Monday, February 1, 2010

TEN9EIGHT: Shoot for the Moon

Meet William Mack and Ja'Mal Willis, teen CEO's of J&W Sensations from Baltimore, Maryland. While in science class one day, they discovered that many hand and body lotions had chemicals in them. So they created a natural, chemical free cucumber scent lotion that the female students loved. They then created a business plan for their company, which won first place in Baltimore's citywide business plan competition. In a city where 42% of African American boys drop out of school, William and Ja'Mal are succeeding against the odds. So what's the story behind their success?

As students at Baltimore's Patterson High School, they participated in the Network for Teaching Entrepreneurship (NFTE) program, an international non profit business education program that teaches young people from low-income communities to think like entrepreneurs, so they can take control of their futures. William and Ja'Mal learned how to create their business plan that helped them win first place. William shared about the program, "I plan to use the skills I learned in my NFTE class to help my family with their revenue and expenses. But I also plan to do many other things and continue my education further than I even thought possible."

William and Ja'Mal are among the NFTE youth featured in the new documentary, TEN9EIGHT, that follows inner city kids as they prepare for NFTE's Oppenheimer national finals in New York for a chance to win $10,000 to launch their business. The film showcases future entrepreneurs that come from the foster care system, and families impacted by drugs and gangs, to compete for a national title. Among the youth featured is the film's narrator, Rodney Walker. He entered foster care at age 5 along with his 10 brothers and sisters, and his brothers fell prey to the streets by joining gangs and dropping out of school. Rodney participated in a NFTE program at his school, and is now on the Dean's list at Morehouse College.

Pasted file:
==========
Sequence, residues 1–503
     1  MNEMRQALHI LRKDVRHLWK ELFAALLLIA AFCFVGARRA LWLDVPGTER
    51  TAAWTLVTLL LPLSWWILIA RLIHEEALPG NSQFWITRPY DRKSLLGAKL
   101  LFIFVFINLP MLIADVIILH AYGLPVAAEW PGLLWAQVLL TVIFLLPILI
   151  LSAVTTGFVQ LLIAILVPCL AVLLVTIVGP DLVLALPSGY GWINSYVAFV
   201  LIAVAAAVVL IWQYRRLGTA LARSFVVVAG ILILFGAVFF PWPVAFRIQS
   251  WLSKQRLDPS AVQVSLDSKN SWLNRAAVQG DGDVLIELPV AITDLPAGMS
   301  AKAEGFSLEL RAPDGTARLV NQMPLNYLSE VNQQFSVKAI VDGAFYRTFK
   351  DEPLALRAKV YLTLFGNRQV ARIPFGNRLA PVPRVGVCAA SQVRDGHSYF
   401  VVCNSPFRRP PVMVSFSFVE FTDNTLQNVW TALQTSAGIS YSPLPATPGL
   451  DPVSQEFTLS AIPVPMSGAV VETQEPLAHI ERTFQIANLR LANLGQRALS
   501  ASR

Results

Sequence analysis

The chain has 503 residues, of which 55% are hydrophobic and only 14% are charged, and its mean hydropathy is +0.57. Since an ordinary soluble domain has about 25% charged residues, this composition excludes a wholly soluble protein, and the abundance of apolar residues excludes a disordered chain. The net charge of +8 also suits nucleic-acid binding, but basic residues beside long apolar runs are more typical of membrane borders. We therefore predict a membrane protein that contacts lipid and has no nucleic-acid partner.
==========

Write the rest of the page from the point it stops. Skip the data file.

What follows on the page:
The film's title refers to the fact that every nine seconds in this country, a youth drops out of high school. The film states that it's release is timely, as the nation is battling two crises, the economic recession, in which entrepreneurship skills are especially valuable, and the dropout crisis, in which ways must be found to engage youth to keep them in school.

On Wednesday, January 27th, Baltimore's non profit, education, business and philanthropic community came out to celebrate the film's premiere. The event was held at the Eddie and Sylvia Brown Center, at the Maryland Institute College of Art and Design. Eddie and Sylvia Brown (in photo below) who served as event hosts, are prominent philanthropists in Baltimore. (I was so excited to meet them! See my previous post on the Browns HERE). Mr. Brown shared with me that he is among three honorees to be honored at NFTE's annual gala in New York this April. As an honoree, he has pledged to raise $200 -$300,000 for Baltimore's NFTE, a goal he is making progress on.

Sylvia and Eddie Brown of the Brown Family Foundation, event hosts for the TEN9EIGHT Baltimore premiere.

Prior to the film's premiere, a highlight of the evening was the presentation of a $1,000 check to Associated Black Charities of Maryland, by NFTE's alumni. In addition to creating business plans, students are required to create a philanthropy plan to instill the importance of giving back. The organization's Executive Director then announced that they would donate the gift towards Haiti relief efforts.

The film is a wonderful testimony to the great work this organization provides. Be sure to catch TEN9EIGHT's premiere on BET, Superbowl Sunday on February 7th at noon and February 8 at 8 pm EST. Thanks to Sonjé Productions for the invitation!
On the web: Network for Teaching Entrepreneurship & TEN9EIGHT

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